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Human health risk assessment of mercury vapor around artisanal small-scale gold mining area, Palu city, Central Sulawesi, Indonesia
- Nakazawa, Koyomi, Nagafuchi, Osamu, Kawakami, Tomonori, Inoue, Takanobu, Yokota, Kuriko, Serikawa, Yuka, Cyio, Basir, Elvince, Rosana
- Ecotoxicology and environmental safety 2016 v.124 pp. 155-162
- World Health Organization, air, air quality, central nervous system, chronic exposure, emissions, geography, gold, guidelines, health effects assessments, human health, mercury, mining, probabilistic risk assessment, risk, risk assessment process, toxicity, traditional technology, vapors, wind direction, wind speed, Indonesia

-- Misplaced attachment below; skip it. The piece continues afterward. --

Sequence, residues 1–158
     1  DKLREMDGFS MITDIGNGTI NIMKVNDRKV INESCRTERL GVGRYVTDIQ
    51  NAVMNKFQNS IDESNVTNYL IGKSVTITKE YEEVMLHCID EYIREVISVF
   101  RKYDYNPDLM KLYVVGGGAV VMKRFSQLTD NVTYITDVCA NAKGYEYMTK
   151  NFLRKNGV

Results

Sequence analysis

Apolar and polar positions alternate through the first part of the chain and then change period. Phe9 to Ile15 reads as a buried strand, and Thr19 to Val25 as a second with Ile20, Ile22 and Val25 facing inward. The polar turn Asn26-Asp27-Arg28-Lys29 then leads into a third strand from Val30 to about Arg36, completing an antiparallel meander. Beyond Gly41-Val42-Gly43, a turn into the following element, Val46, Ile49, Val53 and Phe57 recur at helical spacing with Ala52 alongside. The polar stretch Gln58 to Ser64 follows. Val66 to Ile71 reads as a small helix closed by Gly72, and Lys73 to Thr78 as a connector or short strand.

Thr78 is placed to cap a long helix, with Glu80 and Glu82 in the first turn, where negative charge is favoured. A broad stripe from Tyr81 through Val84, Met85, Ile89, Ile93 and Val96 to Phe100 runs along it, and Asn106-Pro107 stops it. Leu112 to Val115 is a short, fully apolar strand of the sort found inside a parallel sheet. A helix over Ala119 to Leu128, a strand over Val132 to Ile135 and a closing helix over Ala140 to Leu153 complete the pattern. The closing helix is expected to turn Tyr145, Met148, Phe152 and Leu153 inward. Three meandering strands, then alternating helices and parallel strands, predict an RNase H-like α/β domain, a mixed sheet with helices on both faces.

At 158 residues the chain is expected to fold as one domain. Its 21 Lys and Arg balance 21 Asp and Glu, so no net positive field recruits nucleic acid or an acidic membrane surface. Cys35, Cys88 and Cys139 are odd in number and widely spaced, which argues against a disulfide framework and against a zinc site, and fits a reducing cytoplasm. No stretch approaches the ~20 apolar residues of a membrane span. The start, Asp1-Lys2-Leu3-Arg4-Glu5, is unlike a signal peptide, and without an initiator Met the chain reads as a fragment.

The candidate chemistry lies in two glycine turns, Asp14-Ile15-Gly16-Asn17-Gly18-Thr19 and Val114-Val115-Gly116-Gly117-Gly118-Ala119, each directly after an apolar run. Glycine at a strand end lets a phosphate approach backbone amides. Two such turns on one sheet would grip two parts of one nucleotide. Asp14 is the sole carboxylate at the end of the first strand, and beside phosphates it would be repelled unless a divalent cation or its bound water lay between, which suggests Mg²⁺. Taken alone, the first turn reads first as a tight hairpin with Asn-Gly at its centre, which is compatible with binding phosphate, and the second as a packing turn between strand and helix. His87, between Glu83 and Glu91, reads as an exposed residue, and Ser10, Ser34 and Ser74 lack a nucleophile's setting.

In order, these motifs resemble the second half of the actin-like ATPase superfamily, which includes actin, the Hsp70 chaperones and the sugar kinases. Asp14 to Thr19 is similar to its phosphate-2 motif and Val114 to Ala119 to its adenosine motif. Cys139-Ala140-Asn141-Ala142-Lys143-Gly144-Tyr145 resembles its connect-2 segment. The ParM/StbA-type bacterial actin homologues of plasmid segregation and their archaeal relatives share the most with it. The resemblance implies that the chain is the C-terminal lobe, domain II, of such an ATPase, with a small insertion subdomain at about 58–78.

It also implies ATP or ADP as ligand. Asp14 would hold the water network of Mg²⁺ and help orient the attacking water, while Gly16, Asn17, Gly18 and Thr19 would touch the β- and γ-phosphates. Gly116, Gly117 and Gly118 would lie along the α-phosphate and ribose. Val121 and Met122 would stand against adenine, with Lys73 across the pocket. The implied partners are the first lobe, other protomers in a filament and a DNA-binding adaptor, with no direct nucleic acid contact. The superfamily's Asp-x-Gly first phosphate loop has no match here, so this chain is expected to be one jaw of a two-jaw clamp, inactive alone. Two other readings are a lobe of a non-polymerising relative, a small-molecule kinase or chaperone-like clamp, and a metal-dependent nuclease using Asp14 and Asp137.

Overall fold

- Emissions of elemental mercury, Hg(0), from artisanal small-scale gold mining activities accounted for 37% of total global Hg(0) emissions in 2010. People who live near gold-mining areas may be exposed to high concentrations of Hg(0). Here, we assessed the human health risk due to Hg(0) exposure among residents of Palu city (Central Sulawesi Province, Indonesia). The area around the city has more than 60t of gold reserves, and the nearby Poboya area is the most active gold-mining site in Indonesia. Owing to its geography, the city experiences alternating land and sea breezes.Sampling was done over a period of 3 years (from 2010 Aug. to 2012 Dec.) intermittently with a passive sampler for Hg(0), a portable handheld mercury analyzer, and a mercury analyzer in four areas of the city and in the Poboya gold-processing area, as well as wind speeds and directions in one area of the city. The 24-h average concentration, wind speed, and wind direction data show that the ambient air in both the gold-processing area and the city was always covered by high concentration of mercury vapor. The Hg(0) concentration in the city was higher at night than in the daytime, owing to the effect of land breezes. These results indicate that the inhabitants of the city were always exposed to high concentrations of Hg(0).The average daytime point-sample Hg(0) concentrations in the city, as measured with a handheld mercury analyzer over 3 days in July 2011, ranged from 2096 to 3299ngm−3. In comparison, the average daytime Hg(0) concentration in the Poboya gold-processing area was 12,782ngm−3. All of these concentrations are substantially higher than the World Health Organization air-quality guideline for annual average Hg exposure (1000ngm−3). We used the point-sample concentrations to calculate hazard quotient ratios by means of a probabilistic risk assessment method. The results indicated that 93% of the sample population overall was at risk (hazard quotient ratio ≥1 and cut off at the 95th percentile value of the sample population) of mercury toxicity, that is, damage to the central nervous system due to chronic exposure. The corresponding percentages for the northern, central, southern, and western areas of the city were 83%, 84%, 95%, and 95%, respectively. Our results indicate that the residents of Palu city are at serious risk from exposure to high concentrations of atmospheric Hg(0).